One problem I find in analyzing this issue is that I am not even sure I understand the second portion of the Clause, which provides that “the Senate may propose or concur with amendments as on other Bills.”  What does “may propose or concur with amendments” mean?  I will turn to this question in my next post.

Update: I added a “not” to the penultimate paragraph, which had been mistakenly omitted.

Mike Rappaport

Professor Rappaport is Darling Foundation Professor of Law at the University of San Diego, where he also serves as the Director of the Center for the Study of Constitutional Originalism. Professor Rappaport is the author of numerous law review articles in journals such as the Yale Law Journal, the Virginia Law Review, the Georgetown Law Review, and the University of Pennsylvania Law Review. His book, Originalism and the Good Constitution, which is co-authored with John McGinnis, was published by the Harvard University Press in 2013.  Professor Rappaport is a graduate of the Yale Law School, where he received a JD and a DCL (Law and Political Theory).

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  1. Jack R says

    You write, “In this case, the key question appears to be what counts as an amendment and whether a complete replacement is an amendment.”

    Exactly. The PLF challenge should confront the illegitimacy of the Senate’s action head-on. I would frame the issue as follows:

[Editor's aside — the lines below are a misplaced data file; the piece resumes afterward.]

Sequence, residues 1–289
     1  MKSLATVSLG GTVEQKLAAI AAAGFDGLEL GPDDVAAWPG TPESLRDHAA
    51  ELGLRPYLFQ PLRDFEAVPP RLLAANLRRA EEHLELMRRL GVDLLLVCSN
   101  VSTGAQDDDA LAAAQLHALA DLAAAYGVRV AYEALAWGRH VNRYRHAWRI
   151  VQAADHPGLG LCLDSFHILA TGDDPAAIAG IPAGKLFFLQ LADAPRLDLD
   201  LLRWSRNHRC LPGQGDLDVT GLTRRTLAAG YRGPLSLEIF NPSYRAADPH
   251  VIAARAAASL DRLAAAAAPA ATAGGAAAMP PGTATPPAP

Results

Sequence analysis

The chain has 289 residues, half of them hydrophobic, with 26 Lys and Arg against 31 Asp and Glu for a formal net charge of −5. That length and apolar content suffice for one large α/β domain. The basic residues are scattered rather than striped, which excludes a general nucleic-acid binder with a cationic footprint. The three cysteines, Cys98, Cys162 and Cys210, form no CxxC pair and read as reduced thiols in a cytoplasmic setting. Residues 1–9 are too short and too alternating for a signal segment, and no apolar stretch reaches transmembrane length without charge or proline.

Despite its contradiction in terms, an “Amendment in the nature of a substitute” can be considered legitimate in leaving unchanged the original identifying number, but only when confined to legislation within one house, e.g.: in committee or floor amendments.

    When used as in this case where a Senate amendment (SA 2786) purports to amend a House tax bill (HR 3590) by replacing the entire text of said bill in its entirety with new text of its own making, yet retain the original number of the deleted bill for the purpose of complying with a constitutional command, it is nothing less than outright fraud.

    Look at it this way: Replacing the nameplate on a Lincoln Town Car with a nameplate taken from a totally-wrecked Cadillac does not make the Town Car a vehicle manufactured by General Motors.

    Allowing the Senate to hijack a House bill-number for its own use gives it a free hand to initiate any tax measure it may choose, thereby negating the Origination Clause as effectively as repealing it. All it needs is a House-passed “bill for raising revenue” as that term is defined by court precedent.

    Unfortunately, through their deference to the enrolled bill doctrine the federal courts have long sanctioned this unsavory procedure (The Original Sin was Flint v. Stone-Tracey Co. in 1911). By so doing they have countenanced the Senate’s perpetration of a fraud upon the American people.